The Gospel of Mary Magdalene

Open your eyes to the light

“Therefore let us atone,
And become fully human,
So that the Teacher can take root in us.”
— “Gospel of Mary Magdalene”

The Gospel of Mary (or the Gospel of Mary Magdalene) is a writing discovered in 1896 in Egypt containing a Gnostic version of New Testament events alleged to have taken place, particularly in association with Mary Magdalene. Scholars date the original composition of this work to the fifth century.

The collection in which the Gospel of Mary is found also includes three additional works: 1) the Apocryphon of John, 2) the Sophia of Jesus Christ, and 3) the Acts of Peter. These writings were published in Coptic. Two additional manuscripts of the Gospel of Mary have been found in Greek; these date to the third century. Portions of the text in the Gospel of Mary are incomplete.

While the manuscripts are not entirely clear as to which Mary is supposed to have been the author, the contents suggest Mary Magdalene as the alleged author. This is based on her role as a follower of Jesus and as one of the first to see Him resurrected.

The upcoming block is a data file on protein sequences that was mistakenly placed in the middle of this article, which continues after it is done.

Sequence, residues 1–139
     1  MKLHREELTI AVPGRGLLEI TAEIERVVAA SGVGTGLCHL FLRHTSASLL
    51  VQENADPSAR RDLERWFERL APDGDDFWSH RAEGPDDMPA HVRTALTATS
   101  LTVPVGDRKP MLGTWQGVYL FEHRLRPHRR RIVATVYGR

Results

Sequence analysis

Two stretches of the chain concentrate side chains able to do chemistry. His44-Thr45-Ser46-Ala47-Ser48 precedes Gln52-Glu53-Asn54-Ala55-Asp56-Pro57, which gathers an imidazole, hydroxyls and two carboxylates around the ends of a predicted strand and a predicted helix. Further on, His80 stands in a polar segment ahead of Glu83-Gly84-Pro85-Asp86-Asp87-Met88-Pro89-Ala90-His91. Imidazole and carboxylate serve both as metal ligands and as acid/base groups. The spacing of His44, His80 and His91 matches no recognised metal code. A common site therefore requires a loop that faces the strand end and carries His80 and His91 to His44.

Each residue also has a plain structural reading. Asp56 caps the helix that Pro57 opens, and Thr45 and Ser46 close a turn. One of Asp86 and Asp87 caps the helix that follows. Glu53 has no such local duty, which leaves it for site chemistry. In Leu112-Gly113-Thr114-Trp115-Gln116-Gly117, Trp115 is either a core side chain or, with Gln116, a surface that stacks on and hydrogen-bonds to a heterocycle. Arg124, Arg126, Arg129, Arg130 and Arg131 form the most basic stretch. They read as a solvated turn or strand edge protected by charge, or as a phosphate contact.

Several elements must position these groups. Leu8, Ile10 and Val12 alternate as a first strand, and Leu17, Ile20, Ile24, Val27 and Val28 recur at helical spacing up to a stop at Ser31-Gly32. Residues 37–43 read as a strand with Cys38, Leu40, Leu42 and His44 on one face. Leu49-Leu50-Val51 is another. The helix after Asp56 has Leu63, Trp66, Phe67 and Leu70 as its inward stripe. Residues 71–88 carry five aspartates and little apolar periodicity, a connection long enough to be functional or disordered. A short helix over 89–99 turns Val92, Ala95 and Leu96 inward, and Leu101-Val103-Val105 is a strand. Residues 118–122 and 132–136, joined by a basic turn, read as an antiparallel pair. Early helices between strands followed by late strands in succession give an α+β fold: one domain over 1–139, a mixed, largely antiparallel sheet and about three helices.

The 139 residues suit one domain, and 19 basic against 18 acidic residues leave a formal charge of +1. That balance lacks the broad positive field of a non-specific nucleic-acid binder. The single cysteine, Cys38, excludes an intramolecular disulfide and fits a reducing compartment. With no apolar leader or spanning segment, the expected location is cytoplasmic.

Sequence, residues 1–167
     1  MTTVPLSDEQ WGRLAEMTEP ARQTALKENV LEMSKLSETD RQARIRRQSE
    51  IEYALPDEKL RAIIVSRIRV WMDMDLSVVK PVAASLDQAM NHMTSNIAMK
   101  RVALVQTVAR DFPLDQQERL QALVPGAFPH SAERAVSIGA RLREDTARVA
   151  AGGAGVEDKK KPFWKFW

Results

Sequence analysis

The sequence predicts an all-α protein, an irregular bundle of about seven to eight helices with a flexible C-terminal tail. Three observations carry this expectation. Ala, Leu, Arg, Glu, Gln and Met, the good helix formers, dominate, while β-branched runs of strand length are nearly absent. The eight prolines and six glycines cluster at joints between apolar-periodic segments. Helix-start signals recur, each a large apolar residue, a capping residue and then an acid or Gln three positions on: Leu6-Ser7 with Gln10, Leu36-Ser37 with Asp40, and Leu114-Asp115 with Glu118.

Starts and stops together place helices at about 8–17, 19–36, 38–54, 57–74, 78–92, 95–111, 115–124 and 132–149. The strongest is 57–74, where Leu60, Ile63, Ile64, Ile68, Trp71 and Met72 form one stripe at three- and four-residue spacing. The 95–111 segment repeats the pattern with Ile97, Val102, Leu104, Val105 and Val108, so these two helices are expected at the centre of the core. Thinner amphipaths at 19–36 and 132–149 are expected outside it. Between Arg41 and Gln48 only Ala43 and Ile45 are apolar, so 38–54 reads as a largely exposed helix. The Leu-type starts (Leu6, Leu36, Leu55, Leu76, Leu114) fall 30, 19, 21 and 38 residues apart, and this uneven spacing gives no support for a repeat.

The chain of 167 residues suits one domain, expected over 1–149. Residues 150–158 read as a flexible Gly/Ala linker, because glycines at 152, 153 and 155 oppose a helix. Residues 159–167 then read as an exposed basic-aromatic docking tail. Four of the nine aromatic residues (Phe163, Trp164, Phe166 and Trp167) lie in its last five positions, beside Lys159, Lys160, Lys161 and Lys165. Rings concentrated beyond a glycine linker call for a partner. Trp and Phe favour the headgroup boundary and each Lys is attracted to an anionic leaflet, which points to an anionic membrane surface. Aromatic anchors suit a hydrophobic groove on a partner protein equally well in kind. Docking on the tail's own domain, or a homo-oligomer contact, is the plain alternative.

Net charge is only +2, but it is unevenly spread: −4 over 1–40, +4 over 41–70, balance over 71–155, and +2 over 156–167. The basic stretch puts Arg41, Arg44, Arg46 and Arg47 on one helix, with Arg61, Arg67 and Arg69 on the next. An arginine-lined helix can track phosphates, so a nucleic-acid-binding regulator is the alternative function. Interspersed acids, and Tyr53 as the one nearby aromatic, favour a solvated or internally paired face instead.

Echoing the immortal phrase of the Gospel of Luke, Christ proclaims that the Kingdom of Heaven is within. Interestingly, the merging of “the male and the female into a single one” resonates with Jungian psychology developed centuries later—by reconciling our respective animus and anima, the left and right cerebral hemispheres, indeed order and chaos themselves, a process of individuation and personal transformation can be achieved.

It is of no surprise, therefore, that Jesus chose to include a female apostle to follow him: the enigmatic and, until very recently, misunderstood Mary Magdalene. A great deal of myth and legend surround her; for a start, it is unclear as to whether Mary of Bethany (Lazarus’ sister), the “sinner” who anointed Jesus’ feet with oils and Mary Magdalene herself are one and the same. Moreover, in the Canonical Gospels, she is presented as being possessed of demons and evil spirits, suggesting perhaps she was of unstable mind; by 591 CE, rather dismayingly, Pope Gregory had denounced her as a prostitute.

The discovery of the Gospel of Mary, however, has done much to reassert her rightful status, with her reputation further validated in the recently released movie, Mary Magdalene, exquisitely shot and acted, with Rooney Mara in the title role and Joaquin Phoenix as Jesus.

In 1896, a fifth-century papyrus, written in Coptic, was bought in Cairo, which contained the text of the Gospel of Mary, together with a handful of other Gnostic manuscripts. Although not in the clay jar discovery, it is included in the Nag Hammadi library canon and known as the Berlin Codex. Whether Mary Magdalene composed the original document herself, we can only speculate.